a toddler standing on a folding chair at a desk with three computers, pretending to type

How to Involve Kids in Modern Work

My 4-year-old son wants to help me work, but I write software—so how do I involve him?

Children need to be involved in the grown-up activities of adults around them—it’s how they learn. They’re naturally curious and want to be involved in everything. They want to do everything you do; they’ve been watching you. If you frustrate their drive to be involved, they start acting out. You get bad behavior, tantrums, and hitting siblings—children don't know how to handle the modern environments in which they can't be easily involved in adult life.

In a traditional society, involving children was easy and natural. If I were a farmer, my son would be trailing behind me helping out on the farm, caring for animals, and learning how it all works. If I were hunting and gathering, he’d be right there memorizing patterns of nature: animal tracks, which plants are edible, warning signs of rain. If I were a carpenter, stonemason, or blacksmith—anything involved in physical labor—involving children would be easier. But I don’t work with my hands.

I’m an entrepreneur and software engineer working from my home office. I spend my days at my keyboard solving mental problems and typing. My son can't help me type. He can't yet understand the problems I've solving. There's no way for him to participate—no flashlight for him to hold, no tools for him to hand me, no satchel to carry. To make matters worse, the office is the room where we hide everything that’s not child-proof. There are large glass picture frames leaning against the side of my desk, musical instruments, power stips on the floor, drawers with markers and scissors and bottles of glitter... Lots of stuff that I don’t want the kids playing with (at least not without supervision). So we have a “don’t go in the office” rule.

My son clearly wants to be involved. He copies what he can see. Sometimes he'll take my phone, inform us all that he has a meeting or a brief phone call, and close himself in my office for a few minutes. He may sit in my chair and randomly push keys on my keyboard, imitating my work in what he thinks is a harmless way, but in reality is scary—I’m certain he’s inadvertently deleted emails that I never got to see. He doesn’t understand why he can't stay in the office and "work"—he’s just trying to do what Daddy does! It’s not fair!

I can do projects with him in the garage or in the yard, and he clearly has the time of his life; nothing is more exciting than using tools with Daddy. But this isn’t a replacement for being involved in my work because it doesn’t happen very often. Being self-employed commonly requires long hours, only coming out of the office in time for dinner, cleanup, and bed. He’s old enough that he needs to be working with Daddy every day.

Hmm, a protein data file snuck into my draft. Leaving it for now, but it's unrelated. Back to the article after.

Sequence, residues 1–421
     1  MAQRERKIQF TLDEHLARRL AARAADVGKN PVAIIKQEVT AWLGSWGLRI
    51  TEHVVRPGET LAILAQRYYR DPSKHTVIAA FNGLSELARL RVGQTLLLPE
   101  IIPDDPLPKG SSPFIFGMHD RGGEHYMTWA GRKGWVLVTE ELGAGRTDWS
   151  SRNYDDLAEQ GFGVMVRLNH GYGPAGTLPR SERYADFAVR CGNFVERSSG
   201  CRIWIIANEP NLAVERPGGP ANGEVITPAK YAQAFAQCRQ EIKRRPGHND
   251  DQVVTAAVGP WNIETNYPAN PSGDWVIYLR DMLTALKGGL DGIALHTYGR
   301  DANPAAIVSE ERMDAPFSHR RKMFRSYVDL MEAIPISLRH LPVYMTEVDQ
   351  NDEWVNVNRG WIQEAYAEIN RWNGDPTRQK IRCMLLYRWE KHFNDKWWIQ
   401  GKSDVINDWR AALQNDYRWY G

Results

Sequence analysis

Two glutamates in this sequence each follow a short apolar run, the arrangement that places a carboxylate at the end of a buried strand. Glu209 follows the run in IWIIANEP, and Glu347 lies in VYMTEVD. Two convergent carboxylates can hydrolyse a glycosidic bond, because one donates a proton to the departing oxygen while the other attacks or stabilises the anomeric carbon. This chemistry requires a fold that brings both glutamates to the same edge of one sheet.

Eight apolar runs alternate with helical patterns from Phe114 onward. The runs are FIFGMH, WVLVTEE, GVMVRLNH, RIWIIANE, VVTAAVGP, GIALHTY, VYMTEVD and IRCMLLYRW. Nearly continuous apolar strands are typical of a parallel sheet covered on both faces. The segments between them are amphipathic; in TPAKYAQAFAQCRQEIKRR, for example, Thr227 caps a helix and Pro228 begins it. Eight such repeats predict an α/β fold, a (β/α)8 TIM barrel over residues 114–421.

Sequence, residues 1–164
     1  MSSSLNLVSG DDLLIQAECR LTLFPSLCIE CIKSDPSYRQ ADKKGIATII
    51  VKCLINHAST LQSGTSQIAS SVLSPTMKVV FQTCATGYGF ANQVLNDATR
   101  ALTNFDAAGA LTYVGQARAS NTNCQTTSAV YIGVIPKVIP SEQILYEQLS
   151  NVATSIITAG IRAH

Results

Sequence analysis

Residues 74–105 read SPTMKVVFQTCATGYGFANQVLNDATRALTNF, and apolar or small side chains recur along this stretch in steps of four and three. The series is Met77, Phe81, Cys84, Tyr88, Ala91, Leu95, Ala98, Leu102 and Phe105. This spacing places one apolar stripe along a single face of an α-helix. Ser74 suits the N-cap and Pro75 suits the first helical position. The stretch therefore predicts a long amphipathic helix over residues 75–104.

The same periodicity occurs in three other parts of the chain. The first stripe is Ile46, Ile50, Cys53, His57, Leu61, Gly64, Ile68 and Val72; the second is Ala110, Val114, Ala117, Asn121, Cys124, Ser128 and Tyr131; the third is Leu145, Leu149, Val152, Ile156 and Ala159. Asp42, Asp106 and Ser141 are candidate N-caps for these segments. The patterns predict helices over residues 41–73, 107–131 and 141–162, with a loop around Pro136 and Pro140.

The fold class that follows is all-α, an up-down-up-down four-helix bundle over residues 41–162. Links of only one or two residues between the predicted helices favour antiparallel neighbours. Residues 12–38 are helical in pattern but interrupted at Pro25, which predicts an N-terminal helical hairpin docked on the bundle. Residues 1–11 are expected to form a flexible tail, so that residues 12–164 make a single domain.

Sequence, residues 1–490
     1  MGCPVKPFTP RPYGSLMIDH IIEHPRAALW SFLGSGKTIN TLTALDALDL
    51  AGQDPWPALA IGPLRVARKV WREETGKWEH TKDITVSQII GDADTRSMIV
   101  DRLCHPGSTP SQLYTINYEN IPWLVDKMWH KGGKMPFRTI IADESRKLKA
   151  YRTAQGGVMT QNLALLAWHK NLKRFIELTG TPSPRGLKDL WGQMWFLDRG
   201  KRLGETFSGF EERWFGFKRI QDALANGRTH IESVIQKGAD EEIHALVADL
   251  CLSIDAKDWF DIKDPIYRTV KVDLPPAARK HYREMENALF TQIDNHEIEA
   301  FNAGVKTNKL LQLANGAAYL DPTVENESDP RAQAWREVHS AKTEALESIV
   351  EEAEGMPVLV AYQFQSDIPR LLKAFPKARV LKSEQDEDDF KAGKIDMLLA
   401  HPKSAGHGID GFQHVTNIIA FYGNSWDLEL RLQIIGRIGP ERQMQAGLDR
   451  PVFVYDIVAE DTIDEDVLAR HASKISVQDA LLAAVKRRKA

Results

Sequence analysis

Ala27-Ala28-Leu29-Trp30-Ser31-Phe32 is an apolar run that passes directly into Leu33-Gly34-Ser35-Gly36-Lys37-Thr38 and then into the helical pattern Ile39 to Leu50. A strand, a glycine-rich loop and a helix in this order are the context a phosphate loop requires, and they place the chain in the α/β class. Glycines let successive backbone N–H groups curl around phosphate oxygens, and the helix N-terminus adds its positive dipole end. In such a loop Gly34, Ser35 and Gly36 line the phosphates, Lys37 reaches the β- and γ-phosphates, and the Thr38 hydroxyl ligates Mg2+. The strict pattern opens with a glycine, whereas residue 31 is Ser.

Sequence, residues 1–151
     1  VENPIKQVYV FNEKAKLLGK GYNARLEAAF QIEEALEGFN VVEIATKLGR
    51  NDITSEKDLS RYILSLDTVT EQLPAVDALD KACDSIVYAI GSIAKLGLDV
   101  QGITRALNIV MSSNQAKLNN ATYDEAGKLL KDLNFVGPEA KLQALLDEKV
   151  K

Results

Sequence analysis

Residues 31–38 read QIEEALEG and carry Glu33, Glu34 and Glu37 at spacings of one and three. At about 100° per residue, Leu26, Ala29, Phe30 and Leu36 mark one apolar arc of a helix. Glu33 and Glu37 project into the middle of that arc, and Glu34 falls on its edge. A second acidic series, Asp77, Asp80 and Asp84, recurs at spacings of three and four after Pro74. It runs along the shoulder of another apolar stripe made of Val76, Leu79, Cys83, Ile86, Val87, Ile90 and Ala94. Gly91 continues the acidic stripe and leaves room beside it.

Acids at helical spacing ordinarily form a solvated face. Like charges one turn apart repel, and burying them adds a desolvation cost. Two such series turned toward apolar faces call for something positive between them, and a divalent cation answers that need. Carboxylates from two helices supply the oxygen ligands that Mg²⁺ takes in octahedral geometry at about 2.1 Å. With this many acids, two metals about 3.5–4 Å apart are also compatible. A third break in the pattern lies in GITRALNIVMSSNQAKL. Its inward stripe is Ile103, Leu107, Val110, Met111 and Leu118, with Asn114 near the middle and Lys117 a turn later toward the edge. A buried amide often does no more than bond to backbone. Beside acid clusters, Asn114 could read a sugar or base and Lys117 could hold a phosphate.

Sometimes he cries and begs me to stop working and come out of the office. He’ll walk in with his little guitar, a tinkertoy spaceship, or just asking to wrestle or play hide-and-seek. It can be painful to tell him to leave because Daddy needs to work. He stops smiling. His bottom lip starts to quiver. I’d love to go play but I have a Zoom meeting with a client in five minutes, so all I can say is, “I have to work. Get out. Now. Please.” He can’t understand. It’s heartbreaking.

I know some of my friends are struggling with this exact problem, too. So much of the work we do these days is not work children can participate in. It's unnatural. How can a boy learn to be a man if he can’t copy Daddy?

Mitigation strategies: How to involve children anyway

I’ve come up with a couple ideas for mitigation strategies. First, I’m going to try having my son in the office with me for 10 minutes every day. (That’s probably as long as he can sit still right now, anyway.) I’ll spend that time writing code, and trying to think out loud and verbalize what I’m doing. He won’t understand everything, but he’ll get some idea of what I actually do all day. Ten minutes won’t add significant length to my work day. Maybe my son will think I’m boring, but at least he won’t feel so excluded. This will be an easier way to include him as he gets older. Maybe I’ll set up an old laptop running a read-only Linux boot from a flash drive for him to explore on the desk beside me. As a bonus, work time with Daddy may give him some extra motivation to learn how to read.

Second, I need to make more time for my son to do activities he likes with me. I’ll be going to bed earlier and rising early, which is very unnatural for me, but a habit I'm trying to cultivate. Rising early will allow me to finish my workday with more time left for my kids. For example, maybe I’ll work from 6am to 2pm instead of 9am to 5pm. Given the entrepreneurial nature of the work I do, I’ll have to resist the temptation to work from 6am to 5pm. However I set it up, I should make better use of my flexibility. For example, my son has been asking to go fishing, so maybe we’ll do that one morning and I’ll shift my workday later.

However I manage it, I’ve realized the importance of specifically having father/son time every day, aside from normal dad activities. If I want a good relationship with my sons and for them to grow up learning from me, I have to make special time for them and involve them in my work. There are things my sons need from me that my daughter doesn’t, and it’s easy to forget that.

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We're Jacqueline and Randy, a blogging duo with backgrounds in tech, robots, art, and writing, now raising our family in northern Idaho.

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